Hope the new year is treating you well. I just came back from a three month retreat and thought I’ll share something here. (Strictly speaking, because of immigration requirements and some talk engagements I committed to, it was not a full three months! 😉 )
Below is an email excerpt I sent to fellow buddhist on meditation. Thought I’ll share it here as it may be useful for some of us trying out meditation.
1. Feeling frustrated the day after meditation
Hmmm …. that’s an interesting one. Before I jump to any conclusion, maybe some clarifications:
+ How long do you meditate per session?
+ How many times per day?
+ Do you do walking meditation with the sitting?
+ How many times do you meditate per week?
While it is true that improper postures can cause some discomfort, it usually occur under some specific conditions. Shed some light as above and we go from there.
2. Becoming more sensitive to our surroundings and people
Becoming more aware and sensitive is always better. So good start there! 🙂 What we do with this new awareness and sensitivity is a different thing altogether. 🙂
While it would be good if after learning the Dharma and meditating, we are able to simply face all situations head-on and come out ok. Unfortunately reality differs, as you have noticed. 😉 Fortunately, the Buddha is kind and realistic enough to suggest that we take it gradually.
The Buddha is Realistic!
Not specific to your situation, but in the AnguttaraNikaya 5.161 Grudge, the Buddha do not advise the monks to go head on and reflect on emptiness or anatta. Instead he suggested five ways to deal with it. “If a grudge arises towards any person, then one should cultivate loving-kindness, or compassion or equanimity to wards him. Or one should pay no attention to him and give no thought to him. Or one may apply the thought: his only property is his actions; whatever he does, good or bad, he will be heir to that. In these ways, all grudges that have arisen can be removed. ” Search for “grudge” in http://www.triplegem.plus.com/tipintr3.htm
I feel that the Buddha’s very realistic approach may also apply in your case where you feel “something” towards people who seem to be doing things wrong.
+ Avoid if possible.
+ Do not give attention to what had been done
+ On that which we have seen, heard or suspected, hold your judgement *or* direct your mind to the positive qualities of these people
+ If you find that you cannot find anything positive about them, reflect on how others are not disturbed by the so called perceived negative or wrong actions.
+ Direct your mind towards the Triple Gem
+ Direct your mind inwards towards your own practice
To be honest, I went through a stretch where I had much -ve towards ppl around in much the same way as you did. I came to a point where I reflected and concluded that a) how wrong they really are may be subjective and b) even if they are truly wrong, getting upset with them does not help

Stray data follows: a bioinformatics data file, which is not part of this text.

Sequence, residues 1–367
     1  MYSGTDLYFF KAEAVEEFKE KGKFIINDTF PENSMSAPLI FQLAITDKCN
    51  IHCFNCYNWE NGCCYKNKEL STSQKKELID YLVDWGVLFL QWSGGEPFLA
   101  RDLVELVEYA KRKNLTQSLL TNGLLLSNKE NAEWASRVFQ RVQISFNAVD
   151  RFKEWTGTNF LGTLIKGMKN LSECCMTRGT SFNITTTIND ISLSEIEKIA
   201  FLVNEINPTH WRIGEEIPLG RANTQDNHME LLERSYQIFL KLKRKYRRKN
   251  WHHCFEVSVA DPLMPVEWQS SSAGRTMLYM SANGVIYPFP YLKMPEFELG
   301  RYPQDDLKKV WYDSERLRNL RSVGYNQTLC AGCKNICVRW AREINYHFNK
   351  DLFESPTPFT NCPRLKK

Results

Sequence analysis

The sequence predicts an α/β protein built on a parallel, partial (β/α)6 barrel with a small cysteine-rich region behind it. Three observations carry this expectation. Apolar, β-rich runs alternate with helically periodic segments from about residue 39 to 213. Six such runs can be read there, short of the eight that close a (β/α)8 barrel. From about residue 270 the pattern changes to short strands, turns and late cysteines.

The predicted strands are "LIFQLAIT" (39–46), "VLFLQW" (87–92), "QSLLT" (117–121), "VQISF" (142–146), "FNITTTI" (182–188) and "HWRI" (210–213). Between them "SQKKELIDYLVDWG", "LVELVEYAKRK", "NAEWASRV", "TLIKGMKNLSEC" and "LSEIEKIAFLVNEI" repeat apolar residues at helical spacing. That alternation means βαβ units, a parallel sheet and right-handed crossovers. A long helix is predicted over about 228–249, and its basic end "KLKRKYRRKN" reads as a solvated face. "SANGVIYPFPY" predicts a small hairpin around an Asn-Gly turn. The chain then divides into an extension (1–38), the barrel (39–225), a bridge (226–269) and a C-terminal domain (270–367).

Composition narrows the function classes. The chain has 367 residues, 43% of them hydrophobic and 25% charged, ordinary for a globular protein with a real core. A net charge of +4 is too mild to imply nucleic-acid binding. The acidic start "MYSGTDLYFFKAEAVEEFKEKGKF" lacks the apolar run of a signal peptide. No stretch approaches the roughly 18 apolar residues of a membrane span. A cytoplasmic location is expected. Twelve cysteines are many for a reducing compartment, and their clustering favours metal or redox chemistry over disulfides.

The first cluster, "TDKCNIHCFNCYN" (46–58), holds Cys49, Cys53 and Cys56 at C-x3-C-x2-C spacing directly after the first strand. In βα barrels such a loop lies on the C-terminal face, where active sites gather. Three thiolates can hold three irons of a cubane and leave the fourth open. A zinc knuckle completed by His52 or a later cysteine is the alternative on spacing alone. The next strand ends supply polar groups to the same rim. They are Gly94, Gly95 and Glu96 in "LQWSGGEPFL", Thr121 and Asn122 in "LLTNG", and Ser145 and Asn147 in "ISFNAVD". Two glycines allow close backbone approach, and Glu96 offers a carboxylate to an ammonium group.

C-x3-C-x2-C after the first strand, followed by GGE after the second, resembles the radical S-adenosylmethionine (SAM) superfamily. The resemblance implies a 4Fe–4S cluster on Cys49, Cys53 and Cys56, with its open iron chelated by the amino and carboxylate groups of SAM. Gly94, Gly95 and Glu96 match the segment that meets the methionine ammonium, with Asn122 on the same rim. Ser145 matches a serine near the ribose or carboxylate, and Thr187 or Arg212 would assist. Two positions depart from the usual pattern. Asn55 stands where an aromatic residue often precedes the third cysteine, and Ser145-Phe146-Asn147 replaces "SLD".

them … *nor* me! and c) “getting upset” is itself a defilement, never mind whether they are really right or wrong. Hence I should resolve my own defilement of being upset before I go poking into ppl’s backyard.
!Applying our meditative practices to use!
When we meditate (止 samatha), we are really doing two things:
1. Bring the mind away from its favorite past-times (aka distractions) and
2. Anchoring it on the meditation object.
Easy said than done.
But we’ve done it before as well. Although the mind may still wander off, we have succeeded in doing it before, both bringing it away from distractions to our meditation object. We learn to maneuver the mind.
We also succeed in anchoring the mind, albeit maybe just for a few moments or seconds for some, in the meditation object. This is commonly the breath, and we did do just that.
When frustration or -ve thoughts arise, it is like the mind wandering away from our meditation object. We should extend our meditation skills to everyday life and catch ourselves when that happens. After catching it, we should steer our mind away from those mental objects (thoughts or memories!) towards good or +ve (happy?) thoughts or objects. Then we should anchor it there.
Try it and see what happens. After some exercise, one should be able to do it easily. That should allow the -ve thoughts to die down by itself. This is the samatha method and it does only one thing. Mitigation. It does not solve the problem, but it gives us a breather *and* it breaks the momentum of the angry mind. It weakens habitual anger if it is present and prevents its formation if not.
Our task is not complete yet
Meanwhile, our task is not complete yet. Having this calmness is sometimes mistaken as the end goal for Buddhists. That is plain incorrect. This is like a pit-stop or a transit. A shelter to wait out the storm. While you slowly weaken the defilements, one should strengthen calmness and develop observation and insight into nama-rupa (mind-body). Seeing truly how nama-rupa is, ie impermanent, subject to change, subject to suffering, is empty and non-self, one then cuts off the root of the problem, craving and attachment stemming from the distorted views of the world.
This requires 观 or insight meditation. Bear in mind, this is not one particular meditation technique found only in one school or tradition. As far as I am concerned, the different schools in the different traditions have different techniques for both samatha and vipassana that should lead to concentration and wisdom. Use the one that works for you.
I didn’t go into specifics of insight meditation for the timebeing as I wanted the person to clear her present difficulties before moving onto the later exercises. 😉